IMO the largest enemy is infiltration and exfiltration. It does go both ways. Also, air is a gas and it will act like gasses do. When it is heated it expands and when it cools it contracts. Now consider what happens when you heat all the air in an entire house. It expands and pushes out through every nook and cranny that it can. As it cools it contracts and sucks in air through every nook and cranny. The outside air during the winter typically has a low RH. When this air is brought into the house and is warmed up to room temp, the RH drops even lower.
    Any kind of air heating system will act this way to some extent. That is why we call it scorched air.

    On the other hand, a system that uses some type of radiation to warm the space will ultimately establish and maintain a MRT. Once the MRT is established, the expansion and contraction of air will be negligible. Depending on the internal latent loads and the tightness of the house, no additional humidification may be needed.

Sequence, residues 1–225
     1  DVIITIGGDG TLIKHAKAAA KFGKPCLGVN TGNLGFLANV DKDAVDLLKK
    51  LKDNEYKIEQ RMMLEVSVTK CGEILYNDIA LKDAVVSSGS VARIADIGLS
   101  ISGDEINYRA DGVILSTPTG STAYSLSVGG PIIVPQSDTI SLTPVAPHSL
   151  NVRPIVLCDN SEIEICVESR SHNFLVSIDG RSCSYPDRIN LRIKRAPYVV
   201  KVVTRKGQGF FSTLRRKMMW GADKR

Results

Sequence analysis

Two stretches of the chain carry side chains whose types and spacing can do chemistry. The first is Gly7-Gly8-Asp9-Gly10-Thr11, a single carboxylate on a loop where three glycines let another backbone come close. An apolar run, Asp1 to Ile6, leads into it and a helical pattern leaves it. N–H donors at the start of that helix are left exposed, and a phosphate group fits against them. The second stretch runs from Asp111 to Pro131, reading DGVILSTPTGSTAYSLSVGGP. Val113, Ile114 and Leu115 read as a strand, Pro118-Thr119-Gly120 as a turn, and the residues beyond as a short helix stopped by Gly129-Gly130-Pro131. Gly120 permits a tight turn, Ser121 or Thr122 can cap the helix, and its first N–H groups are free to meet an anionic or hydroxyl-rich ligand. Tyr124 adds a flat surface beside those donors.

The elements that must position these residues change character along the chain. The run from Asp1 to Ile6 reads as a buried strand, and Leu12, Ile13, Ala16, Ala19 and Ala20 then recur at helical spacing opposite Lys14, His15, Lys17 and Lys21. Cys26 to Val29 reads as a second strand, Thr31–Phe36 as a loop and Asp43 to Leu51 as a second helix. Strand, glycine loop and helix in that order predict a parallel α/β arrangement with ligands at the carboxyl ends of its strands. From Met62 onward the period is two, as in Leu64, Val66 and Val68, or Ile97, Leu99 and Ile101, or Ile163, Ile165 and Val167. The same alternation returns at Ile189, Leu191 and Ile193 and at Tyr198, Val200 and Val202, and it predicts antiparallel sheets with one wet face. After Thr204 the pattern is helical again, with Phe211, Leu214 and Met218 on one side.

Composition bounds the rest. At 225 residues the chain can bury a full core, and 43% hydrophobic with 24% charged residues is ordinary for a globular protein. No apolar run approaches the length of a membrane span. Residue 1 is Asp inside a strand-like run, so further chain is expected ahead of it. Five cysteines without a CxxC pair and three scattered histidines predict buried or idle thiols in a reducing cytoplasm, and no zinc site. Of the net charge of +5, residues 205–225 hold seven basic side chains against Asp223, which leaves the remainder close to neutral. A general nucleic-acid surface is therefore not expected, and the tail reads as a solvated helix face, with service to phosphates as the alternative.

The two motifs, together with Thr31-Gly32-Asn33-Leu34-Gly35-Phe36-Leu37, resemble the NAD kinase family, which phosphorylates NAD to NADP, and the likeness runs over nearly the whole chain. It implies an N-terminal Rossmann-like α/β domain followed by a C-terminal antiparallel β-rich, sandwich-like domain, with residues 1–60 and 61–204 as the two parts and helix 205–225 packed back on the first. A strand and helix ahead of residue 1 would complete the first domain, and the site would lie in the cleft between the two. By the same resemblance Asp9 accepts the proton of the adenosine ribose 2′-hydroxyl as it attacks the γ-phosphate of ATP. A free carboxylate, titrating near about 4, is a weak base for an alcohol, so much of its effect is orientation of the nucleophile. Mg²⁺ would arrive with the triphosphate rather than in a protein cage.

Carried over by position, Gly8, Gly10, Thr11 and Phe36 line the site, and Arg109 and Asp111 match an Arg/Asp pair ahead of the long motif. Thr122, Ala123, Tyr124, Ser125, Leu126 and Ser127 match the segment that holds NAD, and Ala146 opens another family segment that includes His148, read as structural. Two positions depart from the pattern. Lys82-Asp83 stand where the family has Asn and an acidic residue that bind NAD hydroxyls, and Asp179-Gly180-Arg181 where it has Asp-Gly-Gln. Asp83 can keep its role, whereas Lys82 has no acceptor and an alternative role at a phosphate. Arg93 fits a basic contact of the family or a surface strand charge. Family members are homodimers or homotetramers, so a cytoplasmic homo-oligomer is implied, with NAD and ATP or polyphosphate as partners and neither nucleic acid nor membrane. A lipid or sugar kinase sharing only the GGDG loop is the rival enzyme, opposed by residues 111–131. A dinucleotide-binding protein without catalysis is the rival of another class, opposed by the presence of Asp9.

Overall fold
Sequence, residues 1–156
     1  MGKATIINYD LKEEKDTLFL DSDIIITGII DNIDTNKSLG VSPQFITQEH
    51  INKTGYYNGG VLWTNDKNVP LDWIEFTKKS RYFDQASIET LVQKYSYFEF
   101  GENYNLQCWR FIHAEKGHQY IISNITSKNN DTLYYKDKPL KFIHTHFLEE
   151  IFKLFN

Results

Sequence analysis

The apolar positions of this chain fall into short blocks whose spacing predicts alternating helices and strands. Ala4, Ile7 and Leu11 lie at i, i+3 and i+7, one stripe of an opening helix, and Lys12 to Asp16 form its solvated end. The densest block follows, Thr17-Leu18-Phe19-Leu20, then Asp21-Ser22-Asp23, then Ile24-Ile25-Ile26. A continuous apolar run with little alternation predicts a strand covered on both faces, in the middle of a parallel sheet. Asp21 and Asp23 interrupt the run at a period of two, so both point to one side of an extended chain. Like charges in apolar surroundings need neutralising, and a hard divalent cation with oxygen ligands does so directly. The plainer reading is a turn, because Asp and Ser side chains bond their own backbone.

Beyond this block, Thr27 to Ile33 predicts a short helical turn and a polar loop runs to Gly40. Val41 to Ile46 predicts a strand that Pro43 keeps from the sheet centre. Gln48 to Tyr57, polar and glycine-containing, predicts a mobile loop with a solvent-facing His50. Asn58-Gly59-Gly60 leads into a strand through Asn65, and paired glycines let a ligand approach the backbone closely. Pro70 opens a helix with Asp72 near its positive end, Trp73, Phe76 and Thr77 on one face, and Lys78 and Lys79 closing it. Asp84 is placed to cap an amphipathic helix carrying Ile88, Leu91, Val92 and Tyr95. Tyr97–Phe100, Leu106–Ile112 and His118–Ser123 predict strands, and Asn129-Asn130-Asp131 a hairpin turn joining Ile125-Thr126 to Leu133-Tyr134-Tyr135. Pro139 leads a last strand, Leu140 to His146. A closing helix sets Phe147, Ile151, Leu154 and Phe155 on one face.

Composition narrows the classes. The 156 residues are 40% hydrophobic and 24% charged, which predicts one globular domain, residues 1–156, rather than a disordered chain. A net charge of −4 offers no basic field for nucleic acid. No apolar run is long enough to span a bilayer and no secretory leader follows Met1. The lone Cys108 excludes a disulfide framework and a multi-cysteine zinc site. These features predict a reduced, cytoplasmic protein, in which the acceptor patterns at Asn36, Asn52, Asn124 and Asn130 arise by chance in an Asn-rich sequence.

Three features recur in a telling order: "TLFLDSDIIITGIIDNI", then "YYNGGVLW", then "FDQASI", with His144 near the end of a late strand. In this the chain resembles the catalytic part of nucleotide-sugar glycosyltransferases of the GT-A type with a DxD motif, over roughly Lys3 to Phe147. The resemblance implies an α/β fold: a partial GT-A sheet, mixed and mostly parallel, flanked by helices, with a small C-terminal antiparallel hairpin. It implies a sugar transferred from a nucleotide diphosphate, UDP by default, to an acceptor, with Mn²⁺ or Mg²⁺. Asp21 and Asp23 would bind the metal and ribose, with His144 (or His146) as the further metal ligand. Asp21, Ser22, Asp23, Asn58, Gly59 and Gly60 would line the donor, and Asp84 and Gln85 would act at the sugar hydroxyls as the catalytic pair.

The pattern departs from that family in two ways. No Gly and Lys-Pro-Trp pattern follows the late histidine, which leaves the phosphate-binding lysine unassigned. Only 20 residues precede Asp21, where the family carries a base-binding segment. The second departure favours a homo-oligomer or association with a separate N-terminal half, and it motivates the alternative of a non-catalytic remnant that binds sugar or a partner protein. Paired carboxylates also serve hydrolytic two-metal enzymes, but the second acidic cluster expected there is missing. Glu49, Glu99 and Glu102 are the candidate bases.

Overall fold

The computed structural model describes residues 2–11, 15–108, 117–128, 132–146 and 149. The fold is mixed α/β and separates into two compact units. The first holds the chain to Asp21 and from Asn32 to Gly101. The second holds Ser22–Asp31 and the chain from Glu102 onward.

That is why hot water radiant heating systems are the best, period. They are more comfortable with less effort.

    Harvey
  • John Mills John Mills @ 2:14 PM
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    Infiltration

    Humidity is lowered by cold air coming in and being heated. Doesn't matter how, what temp it was heated to, etc. The house I grew up in was built in 1911 with a converted gravity system. In the winter, 2 console humidifiers couldn't keep it above 20% in there. My current house has scorched air but is 25 years old, well insulated, great windows. I have no humidifier nor need one.

    Doesn't matter what temp the air is heated to by hydro coil or heat exchanger, it's what the temp is where the humidity is measured that counts. The furnace or coil does not dehumidify. There is no condensate drain under the coil or the heat exchanger.